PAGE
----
So if Brock did take a banned substance, what would the substance be? One theory is that Advair Dikus, a respiratory medication prescribed to Lesnar  for Reactive Airway Disease (RAD) is to blame. This theory emerged online allegedly from one of Lesnar’s teammates and is yet to be verified. In the message, the writer claimed that Lesnar needs the medication in spring and summer months particularly in his previous residence in Minnesota. Advair Dikus is on the banned list but only states not to take more than directed by the manufacturer. Might Lesnar have taken more than the recommended dosage due to his size or in a coughing fit or in desperate need of air, who knows? In the coming days and weeks, we will see if this is the case. If it is Lesnar would certainly be found not guilty in the court of public opinion, as for USADA he would receive some kind of discipline depending on whether he ever disclosed his condition or the medication previously.

If I had to venture a guess about the substance in question I would say it is some kind of banned diuretic. Diuretics are drugs that increase the passing of urine. If you have taken a banned substance that would show up in a urine test, diuretics would help to empty your system of the tainted urine quicker. However, in Brock’s case, this would not make sense given the previous tests which were clean in mid-June. However, fighters also use diuretics to help make weight for fights. Throughout his initial run in the UFC, Brock had some difficulty making weight and is one of the few heavyweights in the UFC that need to cut weight in order to get down to the heavyweight limit of 265lbs. Lesnar may have been behind schedule cutting weight and either intentionally took something to help this, or used some kind of weight loss product containing the substance not knowing he would fail the drug test by doing so. If this was the case Lesnar would likely receive a two-year ban from competition by USADA.

Anytime where PED use comes up in combat sports there are always a lot of people who feel the need to express their views on the subject (insert shit-eating grin here!). But the person who has the most right to complain is undoubtedly the accused fighter’s opponent. When hearing of the news of Lesnar’s potential violation Mark Hunt, who Lesnar defeated at UFC 200, said he wanted half of Lesnar’s $2.5 million purse or a release from his UFC contract. He later retracted this statement and said he wanted all of Lesnar’s purse saying that cheaters do not deserve to get paid. Hunt was also critical of the exemption Lesnar was given before the fight saying he thought Lesnar was “juiced to the gills.” Hunt reasoned that there is no deterrent for PED users if they can break the rules and still walk away with millions of dollars. It is hard to argue against that logic. Additionally, Lesnar becomes Hunt’s third opponent in a row to receive anti-doping violations after fighting Hunt. We don’t yet know how the UFC will respond to Hunt, a contender like Hunt stepping away from the sport due to wide-scale PED use among opponents would definitely be a PR nightmare for the UFC. It may be a worthwhile step to have Lesnar forfeit his entire purse to Hunt. Remember, the bulk of Lesnar’s pay was the percentage he received from PPV buys for which he likely received somewhere in the neighborhood of $10 million. Parting with $2.5 million may be the best way for the UFC to save face while still compensating their biggest PPV draw generously.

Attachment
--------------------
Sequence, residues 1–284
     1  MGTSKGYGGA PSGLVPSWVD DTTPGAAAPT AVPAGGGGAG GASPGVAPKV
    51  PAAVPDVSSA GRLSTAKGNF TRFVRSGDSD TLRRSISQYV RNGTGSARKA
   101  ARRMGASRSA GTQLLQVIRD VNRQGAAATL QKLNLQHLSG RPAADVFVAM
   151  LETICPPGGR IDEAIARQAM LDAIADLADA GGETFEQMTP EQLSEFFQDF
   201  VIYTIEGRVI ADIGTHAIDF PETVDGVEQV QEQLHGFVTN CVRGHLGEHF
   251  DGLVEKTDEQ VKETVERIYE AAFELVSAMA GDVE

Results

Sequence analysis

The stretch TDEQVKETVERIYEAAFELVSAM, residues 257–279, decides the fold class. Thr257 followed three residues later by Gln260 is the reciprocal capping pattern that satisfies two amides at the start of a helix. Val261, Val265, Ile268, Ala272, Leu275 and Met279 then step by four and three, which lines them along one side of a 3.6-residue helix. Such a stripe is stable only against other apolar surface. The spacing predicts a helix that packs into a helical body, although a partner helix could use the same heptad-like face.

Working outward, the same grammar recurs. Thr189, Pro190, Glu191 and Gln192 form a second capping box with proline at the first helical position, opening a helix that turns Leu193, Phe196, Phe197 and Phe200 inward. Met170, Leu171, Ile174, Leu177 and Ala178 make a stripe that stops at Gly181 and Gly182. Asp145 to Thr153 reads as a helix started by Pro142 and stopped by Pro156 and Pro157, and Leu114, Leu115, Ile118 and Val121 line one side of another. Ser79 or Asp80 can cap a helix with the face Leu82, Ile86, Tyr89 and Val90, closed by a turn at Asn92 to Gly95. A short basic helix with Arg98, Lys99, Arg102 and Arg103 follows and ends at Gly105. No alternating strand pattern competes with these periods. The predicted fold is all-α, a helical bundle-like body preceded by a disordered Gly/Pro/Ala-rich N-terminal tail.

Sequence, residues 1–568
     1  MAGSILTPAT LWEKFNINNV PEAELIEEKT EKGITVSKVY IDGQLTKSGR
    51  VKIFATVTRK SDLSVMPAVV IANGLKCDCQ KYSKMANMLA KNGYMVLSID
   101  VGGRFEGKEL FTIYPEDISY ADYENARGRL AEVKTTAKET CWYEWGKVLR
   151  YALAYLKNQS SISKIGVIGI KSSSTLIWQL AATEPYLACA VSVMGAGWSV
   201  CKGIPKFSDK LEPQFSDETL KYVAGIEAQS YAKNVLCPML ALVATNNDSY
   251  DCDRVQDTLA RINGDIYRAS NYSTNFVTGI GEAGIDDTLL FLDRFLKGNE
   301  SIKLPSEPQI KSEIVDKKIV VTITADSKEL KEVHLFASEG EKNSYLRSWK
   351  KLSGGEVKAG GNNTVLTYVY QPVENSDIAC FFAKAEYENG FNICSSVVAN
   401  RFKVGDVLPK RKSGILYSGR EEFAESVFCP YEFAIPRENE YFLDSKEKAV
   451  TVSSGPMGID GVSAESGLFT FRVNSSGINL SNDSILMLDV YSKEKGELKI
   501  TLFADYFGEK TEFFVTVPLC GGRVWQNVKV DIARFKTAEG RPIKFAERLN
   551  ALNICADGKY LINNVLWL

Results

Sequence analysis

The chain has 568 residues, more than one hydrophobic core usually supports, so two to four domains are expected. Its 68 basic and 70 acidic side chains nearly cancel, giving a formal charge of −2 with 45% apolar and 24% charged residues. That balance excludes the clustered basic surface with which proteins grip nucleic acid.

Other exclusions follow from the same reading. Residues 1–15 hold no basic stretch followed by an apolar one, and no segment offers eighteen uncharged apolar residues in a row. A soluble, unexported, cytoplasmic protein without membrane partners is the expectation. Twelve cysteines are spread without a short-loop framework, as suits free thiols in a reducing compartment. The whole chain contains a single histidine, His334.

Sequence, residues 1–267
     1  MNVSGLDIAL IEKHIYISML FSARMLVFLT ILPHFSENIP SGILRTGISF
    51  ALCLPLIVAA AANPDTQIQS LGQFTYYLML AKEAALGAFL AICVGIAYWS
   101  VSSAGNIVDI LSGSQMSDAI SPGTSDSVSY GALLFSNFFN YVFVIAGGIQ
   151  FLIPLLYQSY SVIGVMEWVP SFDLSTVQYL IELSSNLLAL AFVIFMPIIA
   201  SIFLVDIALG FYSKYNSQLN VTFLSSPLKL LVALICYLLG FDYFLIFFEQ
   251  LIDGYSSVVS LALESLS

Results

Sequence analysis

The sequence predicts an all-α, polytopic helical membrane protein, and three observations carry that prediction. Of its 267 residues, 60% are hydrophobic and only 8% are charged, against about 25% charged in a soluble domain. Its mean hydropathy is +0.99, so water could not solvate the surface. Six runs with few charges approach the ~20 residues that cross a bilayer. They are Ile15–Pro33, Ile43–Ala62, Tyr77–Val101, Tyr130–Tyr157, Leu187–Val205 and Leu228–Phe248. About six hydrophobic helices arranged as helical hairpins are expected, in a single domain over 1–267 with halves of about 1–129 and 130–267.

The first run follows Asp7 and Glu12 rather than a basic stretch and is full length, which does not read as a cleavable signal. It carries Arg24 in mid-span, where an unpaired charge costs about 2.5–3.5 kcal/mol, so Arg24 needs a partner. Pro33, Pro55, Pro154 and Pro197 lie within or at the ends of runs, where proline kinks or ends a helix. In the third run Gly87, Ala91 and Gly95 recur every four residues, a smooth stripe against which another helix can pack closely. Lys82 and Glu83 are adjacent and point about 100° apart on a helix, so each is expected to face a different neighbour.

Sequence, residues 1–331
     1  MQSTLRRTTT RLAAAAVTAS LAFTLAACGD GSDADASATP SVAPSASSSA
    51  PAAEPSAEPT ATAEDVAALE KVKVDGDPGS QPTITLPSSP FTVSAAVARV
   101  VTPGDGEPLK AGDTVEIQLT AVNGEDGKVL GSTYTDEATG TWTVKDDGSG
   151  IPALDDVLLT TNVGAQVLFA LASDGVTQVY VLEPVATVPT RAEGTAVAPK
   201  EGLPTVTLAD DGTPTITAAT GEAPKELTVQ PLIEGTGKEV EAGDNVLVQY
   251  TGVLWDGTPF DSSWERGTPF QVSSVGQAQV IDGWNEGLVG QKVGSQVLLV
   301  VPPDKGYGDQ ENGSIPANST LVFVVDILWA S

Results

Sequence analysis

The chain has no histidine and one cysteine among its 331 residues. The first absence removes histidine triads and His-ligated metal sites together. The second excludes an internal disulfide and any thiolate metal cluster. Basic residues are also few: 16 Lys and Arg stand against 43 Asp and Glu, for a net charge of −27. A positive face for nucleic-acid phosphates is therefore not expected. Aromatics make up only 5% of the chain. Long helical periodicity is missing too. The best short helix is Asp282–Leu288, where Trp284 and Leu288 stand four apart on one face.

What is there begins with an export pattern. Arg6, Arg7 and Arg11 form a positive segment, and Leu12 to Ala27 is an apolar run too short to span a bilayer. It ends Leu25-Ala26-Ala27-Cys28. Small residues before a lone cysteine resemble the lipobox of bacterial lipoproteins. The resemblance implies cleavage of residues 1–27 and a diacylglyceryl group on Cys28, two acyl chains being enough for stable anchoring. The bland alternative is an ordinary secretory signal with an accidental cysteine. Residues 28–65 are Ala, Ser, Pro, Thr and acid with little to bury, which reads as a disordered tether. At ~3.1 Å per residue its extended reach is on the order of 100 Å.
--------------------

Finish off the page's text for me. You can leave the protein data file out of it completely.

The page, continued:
Another person put into a precarious position resulting from Lesnar’s anti-doping violation is Vince McMahon. Many older WWE fans would know about the lawsuit against McMahon in the early 90’s where he was accused of distributing steroids to his wrestlers. Despite the lawsuit against him being unsuccessful, the issue of steroids in professional wrestling was raised again following a string of wrestler deaths in the 90’s and 2000’s. After wrestler, Chris Benoit murdered his family and subsequently committed suicide in 2007 the WWE instituted a wellness policy for its wrestlers to follow and implemented its own drug testing system. This wellness policy has been criticized as ineffective and purely a PR move by fans. As more information of Lesnar’s anti-doping violation emerges, the WWE may be forced to suspend Lesnar as a means of legitimizing their wellness policy. Even if the WWE wellness violation only results in a 30-day suspension, it may cause the WWE to rethink Lesnar’s reliability as a major player in the WWE roster. Perhaps worst of all, Vince McMahon may take Lesnar’s violation as an insult seeing as McMahon allowed Lesnar to fight for a promotion which he has longtime considered a competitor.

While nothing is set in stone as of the date of this article, some things are likely to occur. For one, Lesnar’s decision win over Hunt will be overturned and changed to a no-contest. This will also remove Lesnar’s #8 placement from the heavyweight rankings and place Hunt back in that position. Depending on the level of fallout that occurs, UFC 200 may very well be the last time we see Brock Lesnar in the octagon. A two-year ban from USADA would put Brock on the wrong side of 40; and if UFC 200’s PPV buys were lower than expected, his multi-million dollar payout may be infeasible for the UFC moving forward. Additionally given the WWE’s PG branding, McMahon may not be lenient with Lesnar working with other promotions in the future if it means a potential doping scandal. And while Lesnar may have made millions and did it without being knocked unconscious, the lasting impression from his UFC return may be this anti-doping violation which may ultimately delegitimize his original championship run with the UFC.